When I first started to discern my vocation, I wanted to become a Diocesan Priest; however Mary was asked me to go to her Order of Mercy. My uncle, Fr. Ferdinando Fortunato, a dear and holy Mercedarian, was already stationed and working in our Convitto Villa Mercede in Orvieto, Terni, just north of Rome. During a vacant in August of 1952, he come to Rocca Imperiale and, through his example, I changed my mind fast and decided to become a Mercedarian Friar.   So, instead of going to  the minor seminary in Potenza, I went to Nemi, a little borgo village that along Lake Nemi and entered the Novitiate for the Mercedarian Friars there. 

 

The rest of my story with the Mercedarians has been a great fun time first in Nemi, then Rome, where I studied at the Lateran University.  Then in 1964, along with 3 other Mercedarian friars, I came to the United States. I lived with the Franciscans for 4 years while studying Theology and Education. Following my ordination in Frascati, I lived and worked in all the Mercedarian Houses of Vicariate of the United States, teaching in a high school, working in our parishes, and serving in our formation houses --first in Niagara Falls, N.Y. and later in Philadelphia, PA

 

Surely I am very very happy being a Mercedarian friar and priest. Would do it all over again? Why not?With Jesus and his Mother Mary as my models...I cannot go wrong at all...

Fr. Eugene Costa, O. de M.

Monastery of Our Lady of Mercy, Philadelphia, PA

One of the most important tasks I can share with you is my vocation story! It has been a special journey to the priesthood and consecrated life in the image of the Mercedarian model.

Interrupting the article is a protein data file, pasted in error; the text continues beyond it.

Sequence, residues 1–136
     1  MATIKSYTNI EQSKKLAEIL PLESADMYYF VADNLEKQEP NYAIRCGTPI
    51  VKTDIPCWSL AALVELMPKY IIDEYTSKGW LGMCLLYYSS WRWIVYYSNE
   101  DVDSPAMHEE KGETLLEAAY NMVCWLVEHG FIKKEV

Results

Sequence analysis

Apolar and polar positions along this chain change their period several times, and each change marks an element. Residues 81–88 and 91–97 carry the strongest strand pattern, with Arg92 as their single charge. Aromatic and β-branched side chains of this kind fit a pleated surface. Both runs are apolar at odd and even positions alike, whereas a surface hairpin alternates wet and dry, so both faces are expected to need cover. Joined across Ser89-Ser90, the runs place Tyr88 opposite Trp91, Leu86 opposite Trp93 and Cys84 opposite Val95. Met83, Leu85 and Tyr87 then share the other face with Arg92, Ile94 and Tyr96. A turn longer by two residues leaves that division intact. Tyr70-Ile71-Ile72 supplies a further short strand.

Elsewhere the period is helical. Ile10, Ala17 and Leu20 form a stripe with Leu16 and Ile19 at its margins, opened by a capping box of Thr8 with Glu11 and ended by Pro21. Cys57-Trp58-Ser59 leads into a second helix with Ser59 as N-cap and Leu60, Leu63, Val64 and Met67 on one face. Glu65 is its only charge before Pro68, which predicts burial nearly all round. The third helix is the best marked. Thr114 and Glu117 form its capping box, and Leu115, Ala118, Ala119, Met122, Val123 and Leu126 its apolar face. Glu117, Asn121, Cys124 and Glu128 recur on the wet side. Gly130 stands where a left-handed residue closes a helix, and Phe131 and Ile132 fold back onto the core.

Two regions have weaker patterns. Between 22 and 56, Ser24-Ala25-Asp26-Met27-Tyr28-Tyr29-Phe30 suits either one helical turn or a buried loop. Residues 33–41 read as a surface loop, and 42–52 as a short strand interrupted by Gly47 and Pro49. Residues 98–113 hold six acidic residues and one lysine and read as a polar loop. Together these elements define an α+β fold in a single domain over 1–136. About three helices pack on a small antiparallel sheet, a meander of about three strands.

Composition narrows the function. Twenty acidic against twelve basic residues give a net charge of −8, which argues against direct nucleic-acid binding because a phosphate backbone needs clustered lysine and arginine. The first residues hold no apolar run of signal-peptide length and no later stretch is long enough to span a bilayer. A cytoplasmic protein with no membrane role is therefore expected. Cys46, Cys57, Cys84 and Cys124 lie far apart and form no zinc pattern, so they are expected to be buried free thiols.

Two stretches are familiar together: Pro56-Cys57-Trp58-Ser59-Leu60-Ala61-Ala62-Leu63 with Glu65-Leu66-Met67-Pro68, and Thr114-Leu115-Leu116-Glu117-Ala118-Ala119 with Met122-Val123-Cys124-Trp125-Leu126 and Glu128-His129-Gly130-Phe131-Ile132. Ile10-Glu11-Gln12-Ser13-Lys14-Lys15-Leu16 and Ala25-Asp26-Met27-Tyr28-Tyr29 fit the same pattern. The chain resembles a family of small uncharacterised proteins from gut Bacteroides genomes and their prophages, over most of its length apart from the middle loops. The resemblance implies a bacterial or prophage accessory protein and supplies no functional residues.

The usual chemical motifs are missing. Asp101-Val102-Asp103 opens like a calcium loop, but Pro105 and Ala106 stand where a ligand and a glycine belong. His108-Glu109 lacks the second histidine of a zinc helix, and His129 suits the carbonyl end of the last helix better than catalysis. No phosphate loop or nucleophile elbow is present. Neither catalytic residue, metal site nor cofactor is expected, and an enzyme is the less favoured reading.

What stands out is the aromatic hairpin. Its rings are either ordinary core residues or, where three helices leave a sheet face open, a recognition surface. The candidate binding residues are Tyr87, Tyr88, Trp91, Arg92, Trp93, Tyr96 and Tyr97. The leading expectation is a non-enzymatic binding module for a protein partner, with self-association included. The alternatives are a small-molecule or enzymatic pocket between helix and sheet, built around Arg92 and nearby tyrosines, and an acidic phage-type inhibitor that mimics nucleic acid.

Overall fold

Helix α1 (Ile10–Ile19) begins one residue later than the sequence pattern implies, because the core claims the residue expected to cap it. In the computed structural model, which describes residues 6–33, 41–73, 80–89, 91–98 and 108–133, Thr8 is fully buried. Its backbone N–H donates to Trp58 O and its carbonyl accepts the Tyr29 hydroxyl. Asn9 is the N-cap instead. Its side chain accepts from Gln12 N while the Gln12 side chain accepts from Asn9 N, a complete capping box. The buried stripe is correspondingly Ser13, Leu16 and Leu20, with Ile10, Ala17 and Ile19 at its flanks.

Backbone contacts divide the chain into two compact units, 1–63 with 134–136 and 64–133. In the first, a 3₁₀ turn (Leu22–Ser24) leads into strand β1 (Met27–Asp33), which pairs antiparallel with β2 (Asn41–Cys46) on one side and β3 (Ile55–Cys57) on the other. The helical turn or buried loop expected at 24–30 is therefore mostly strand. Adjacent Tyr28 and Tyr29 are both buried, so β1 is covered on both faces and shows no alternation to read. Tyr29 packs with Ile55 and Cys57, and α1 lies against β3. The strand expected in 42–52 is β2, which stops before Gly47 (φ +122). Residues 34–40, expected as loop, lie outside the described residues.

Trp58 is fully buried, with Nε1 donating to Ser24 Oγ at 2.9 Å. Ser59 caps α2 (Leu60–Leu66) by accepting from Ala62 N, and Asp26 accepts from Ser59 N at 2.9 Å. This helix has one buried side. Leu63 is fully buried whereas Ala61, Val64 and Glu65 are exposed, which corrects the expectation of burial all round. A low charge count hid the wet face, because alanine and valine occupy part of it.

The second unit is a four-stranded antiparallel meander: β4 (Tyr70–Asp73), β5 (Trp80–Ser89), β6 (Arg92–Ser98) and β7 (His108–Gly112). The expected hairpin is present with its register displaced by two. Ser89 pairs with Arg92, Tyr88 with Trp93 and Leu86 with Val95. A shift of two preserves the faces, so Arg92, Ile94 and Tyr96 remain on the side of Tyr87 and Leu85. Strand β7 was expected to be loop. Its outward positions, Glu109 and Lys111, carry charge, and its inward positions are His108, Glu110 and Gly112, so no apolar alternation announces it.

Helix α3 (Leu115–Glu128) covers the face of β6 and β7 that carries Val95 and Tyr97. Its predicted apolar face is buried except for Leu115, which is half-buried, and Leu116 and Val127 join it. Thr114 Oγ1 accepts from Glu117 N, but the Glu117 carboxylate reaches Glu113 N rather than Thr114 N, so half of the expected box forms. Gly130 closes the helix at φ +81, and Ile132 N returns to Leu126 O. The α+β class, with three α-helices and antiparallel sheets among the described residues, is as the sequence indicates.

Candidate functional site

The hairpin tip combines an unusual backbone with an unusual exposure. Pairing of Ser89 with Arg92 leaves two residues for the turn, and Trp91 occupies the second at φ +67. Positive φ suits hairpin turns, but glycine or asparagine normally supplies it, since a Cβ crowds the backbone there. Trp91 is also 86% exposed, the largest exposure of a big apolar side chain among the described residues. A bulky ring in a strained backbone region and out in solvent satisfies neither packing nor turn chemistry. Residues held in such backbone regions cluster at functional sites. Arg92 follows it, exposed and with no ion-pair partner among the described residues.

I'll begin with the first echoes of my vocation. From the earliest of recollection I always wanted to be a priest.  Why? To save souls and my own! As a young boy, I loved playing at being a priest, saying the Mass and giving benediction. (In fact, I would alsways be the priest, but my brother had to be the altar boy!) My parents thought it was only a passing phase, but as the years went on, they knew it was my passion.

As a teenager, I went to weekly benediction and was discerning with periodic days of retreat and recollection at the Divine Word Seminary in Duxbury, MA. Moreover, keeping close to the altar, I was an altar boy.  When I graduated high school my hope was to be a priest and that was my goal. But how? I went to my pastor, Msgr. Norton. He told me to apply to the diocesan seminary--the college division being Cardinal O'Connell Seminary in Jamaica Plains, MA. Msgr. Norton gave me the okay and a few weeks later, I received word that my application had been approved. Before I left, my parents told me they were happy on if I was happy--"There is no shame if you can't cut it. Remember, you can always come home."